Embarrassed by how the last presidential election exposed their yesteryear technology, Republicans are turning to a younger generation of tech-savvy social media experts and software designers to improve communications with voters, predict their behavior and track opponents more vigorously.
After watching President Barack Obama win re-election with help from a technology operation unprecedented in its sophistication, GOP officials concede an urgent need for catch up.
"I think everybody realized that the party is really far behind at the moment," said Bret Jacobson, a partner with Red Edge, a Virginia-based digital advocacy firm that represents the Republican Governors Association, the U.S. Chamber of Commerce and the Heritage Foundation.
Democrats began using related technology years ago, giving Obama a significant advantage last fall in customizing personalized fundraising and get-out-the-vote appeals to prospective supporters. With the blessing of party leaders, a new crop of Republican-backed outside groups is developing tools to do the same in 2014 and 2016.
Alex Skatell, former digital director for the GOP's gubernatorial and Senate campaign operations, leads one new group that has been quietly testing a system that would allow Republicans to share details about millions of voters — their personal interests, group affiliations and even where they went to school.
With no primary opponent last year, Obama's re-election team used the extra time to build a large campaign operation melding a grass-roots army of 2.2 million volunteers with groundbreaking technology to target voters. They tapped about 17 million email subscribers to raise nearly $700 million online.
Data-driven analytics enabled the campaign to run daily simulations to handicap battleground states, analyze demographic trends and test alternatives for reaching voters online.
Republican presidential nominee Mitt Romney, in contrast, had only a few months after a lengthy primary fight to try to match Obama's tech advantage. He couldn't make up the difference. Romney's technology operation was overwhelmed by the intense flow of data and temporarily crashed on Election Day.
A 100-page report on how to rebound from the 2012 election, released last week by Republican Party Chairman Reince Priebus, includes several technology recommendations.
"The president's campaign significantly changed the makeup of the national electorate and identified, persuaded and turned out low-propensity voters by unleashing a barrage of human and technological resources previously unseen in a presidential contest," the report said. "Marrying grass-roots politics with technology and analytics, they successfully contacted, persuaded and turned out their margin of victory. There are many lessons to be learned from their efforts, particularly with respect to voter contact."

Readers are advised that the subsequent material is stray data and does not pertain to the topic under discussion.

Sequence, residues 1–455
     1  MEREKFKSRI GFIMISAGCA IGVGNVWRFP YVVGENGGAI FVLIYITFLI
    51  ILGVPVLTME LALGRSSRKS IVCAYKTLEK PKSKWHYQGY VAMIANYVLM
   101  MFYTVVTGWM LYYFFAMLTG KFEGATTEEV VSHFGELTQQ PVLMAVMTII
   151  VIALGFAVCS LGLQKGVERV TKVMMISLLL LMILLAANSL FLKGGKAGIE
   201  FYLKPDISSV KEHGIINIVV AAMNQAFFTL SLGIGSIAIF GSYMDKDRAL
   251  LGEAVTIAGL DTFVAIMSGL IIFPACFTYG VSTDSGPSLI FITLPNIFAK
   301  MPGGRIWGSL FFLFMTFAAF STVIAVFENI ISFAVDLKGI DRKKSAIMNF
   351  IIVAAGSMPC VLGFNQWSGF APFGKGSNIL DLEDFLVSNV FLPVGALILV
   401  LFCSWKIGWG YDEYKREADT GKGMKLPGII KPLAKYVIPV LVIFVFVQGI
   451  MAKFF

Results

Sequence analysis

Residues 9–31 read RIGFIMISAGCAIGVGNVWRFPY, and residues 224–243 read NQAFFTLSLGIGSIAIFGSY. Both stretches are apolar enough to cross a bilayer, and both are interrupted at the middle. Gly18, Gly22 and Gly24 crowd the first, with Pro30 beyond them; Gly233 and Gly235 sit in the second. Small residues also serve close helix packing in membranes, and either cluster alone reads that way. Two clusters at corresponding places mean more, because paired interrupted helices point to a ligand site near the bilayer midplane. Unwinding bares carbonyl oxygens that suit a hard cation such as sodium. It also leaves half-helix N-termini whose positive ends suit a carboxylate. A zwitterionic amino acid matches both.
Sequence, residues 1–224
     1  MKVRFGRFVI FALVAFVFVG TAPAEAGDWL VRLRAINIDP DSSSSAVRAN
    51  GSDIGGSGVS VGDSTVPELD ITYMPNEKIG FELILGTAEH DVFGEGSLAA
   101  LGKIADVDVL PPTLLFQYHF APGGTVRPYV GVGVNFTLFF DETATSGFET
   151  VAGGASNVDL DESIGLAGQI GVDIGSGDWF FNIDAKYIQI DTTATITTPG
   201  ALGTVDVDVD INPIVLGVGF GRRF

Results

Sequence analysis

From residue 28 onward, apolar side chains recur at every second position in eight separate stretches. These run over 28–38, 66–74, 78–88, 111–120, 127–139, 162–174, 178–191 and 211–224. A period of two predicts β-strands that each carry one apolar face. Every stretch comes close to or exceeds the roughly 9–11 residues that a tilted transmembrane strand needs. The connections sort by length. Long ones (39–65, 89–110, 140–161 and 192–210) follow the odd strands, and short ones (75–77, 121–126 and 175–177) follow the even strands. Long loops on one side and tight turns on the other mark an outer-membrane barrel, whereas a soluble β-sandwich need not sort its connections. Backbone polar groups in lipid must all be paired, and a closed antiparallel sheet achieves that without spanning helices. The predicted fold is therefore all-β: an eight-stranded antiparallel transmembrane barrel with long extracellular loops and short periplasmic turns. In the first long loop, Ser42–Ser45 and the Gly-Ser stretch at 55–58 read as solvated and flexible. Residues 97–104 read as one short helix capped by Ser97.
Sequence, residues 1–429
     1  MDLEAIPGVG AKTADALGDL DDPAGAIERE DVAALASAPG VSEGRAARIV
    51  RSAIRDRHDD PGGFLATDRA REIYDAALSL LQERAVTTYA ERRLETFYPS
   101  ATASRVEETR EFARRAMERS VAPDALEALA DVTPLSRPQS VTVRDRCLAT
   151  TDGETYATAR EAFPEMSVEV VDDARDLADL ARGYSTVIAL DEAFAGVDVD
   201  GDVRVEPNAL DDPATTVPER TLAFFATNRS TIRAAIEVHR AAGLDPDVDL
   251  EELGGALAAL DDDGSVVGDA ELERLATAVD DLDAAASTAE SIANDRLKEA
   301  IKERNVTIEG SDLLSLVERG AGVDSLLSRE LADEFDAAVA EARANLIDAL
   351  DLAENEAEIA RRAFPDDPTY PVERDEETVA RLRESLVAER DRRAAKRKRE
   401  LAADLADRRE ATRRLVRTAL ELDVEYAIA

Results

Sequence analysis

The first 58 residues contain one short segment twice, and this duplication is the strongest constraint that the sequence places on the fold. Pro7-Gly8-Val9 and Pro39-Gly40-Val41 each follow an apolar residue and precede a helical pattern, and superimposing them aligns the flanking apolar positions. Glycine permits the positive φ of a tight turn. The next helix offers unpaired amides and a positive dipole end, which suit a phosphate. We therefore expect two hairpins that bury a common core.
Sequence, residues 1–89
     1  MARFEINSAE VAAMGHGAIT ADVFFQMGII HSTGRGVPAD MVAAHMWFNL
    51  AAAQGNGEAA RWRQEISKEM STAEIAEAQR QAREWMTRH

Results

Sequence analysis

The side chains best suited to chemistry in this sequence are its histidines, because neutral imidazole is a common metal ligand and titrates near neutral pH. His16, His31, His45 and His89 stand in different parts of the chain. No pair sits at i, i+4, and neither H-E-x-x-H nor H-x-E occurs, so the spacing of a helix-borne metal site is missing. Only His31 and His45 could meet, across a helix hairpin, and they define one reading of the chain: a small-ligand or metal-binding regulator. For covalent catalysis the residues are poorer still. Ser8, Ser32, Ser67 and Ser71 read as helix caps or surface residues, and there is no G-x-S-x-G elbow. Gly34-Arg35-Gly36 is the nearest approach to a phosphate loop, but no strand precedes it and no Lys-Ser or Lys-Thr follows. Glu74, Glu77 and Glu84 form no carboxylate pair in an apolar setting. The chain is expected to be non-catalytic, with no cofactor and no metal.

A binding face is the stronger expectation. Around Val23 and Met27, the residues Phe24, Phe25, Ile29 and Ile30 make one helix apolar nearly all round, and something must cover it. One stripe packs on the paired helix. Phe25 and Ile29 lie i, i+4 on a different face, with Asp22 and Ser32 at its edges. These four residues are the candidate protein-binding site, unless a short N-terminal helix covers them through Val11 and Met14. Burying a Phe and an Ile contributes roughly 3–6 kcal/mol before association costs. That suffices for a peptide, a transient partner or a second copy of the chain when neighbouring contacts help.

Skatell, 26, is leading one new effort by Republican allies to fill the void. His team of designers, software developers and veteran Republican strategists is now testing what he calls an "almost an eHarmony for matching volunteers with persuadable voters" that would let campaigns across the country share details in real time on voter preferences, harnessing social media like Facebook and Twitter.
Other groups are working to improve the GOP's data and digital performance.
The major Republican ally, American Crossroads, which spent a combined $175 million on the last election with its sister organization, hosted private meetings last month focused on data and technology. Drawing from technology experts in Silicon Valley, the organization helped craft a series of recommendations expected to be rolled out later this year.
"A good action plan that fixes our deficiencies and identifies new opportunities can help us regain our advantage within a cycle or two," said Crossroads spokesman Jonathan Collegio.
A prominent group of Republican aides has also formed America Rising, a company that will have a companion "super" political action committee that can raise unlimited contributions without having to disclose its donors. Its purpose is to counter Democratic opposition research groups, which generated negative coverage of Romney and GOP candidates last year.
America Rising will provide video tracking, opposition research and rapid response for campaign committees, super PACs and individual candidates' campaigns but does not plan to get involved in GOP primaries. It will be led by Matt Rhoades, who served as Romney's campaign manager, and Joe Pounder, the research director for the Republican National Committee. Running its super PAC will be Tim Miller, a former RNC aide and spokesman for former GOP presidential candidate Jon Huntsman.
Romney and several Republican candidates were monitored closely by camera-toting Democratic aides during the campaign, a gap that Miller said American Rising hopes to fill on behalf of Republicans.
Brad Woodhouse, a spokesman for the Democratic National Committee, said his party has "a several years' lead on data and analytics infrastructure and we're not standing still."
Of the GOP effort, Woodhouse said, "We don't see them closing the gap anytime soon."
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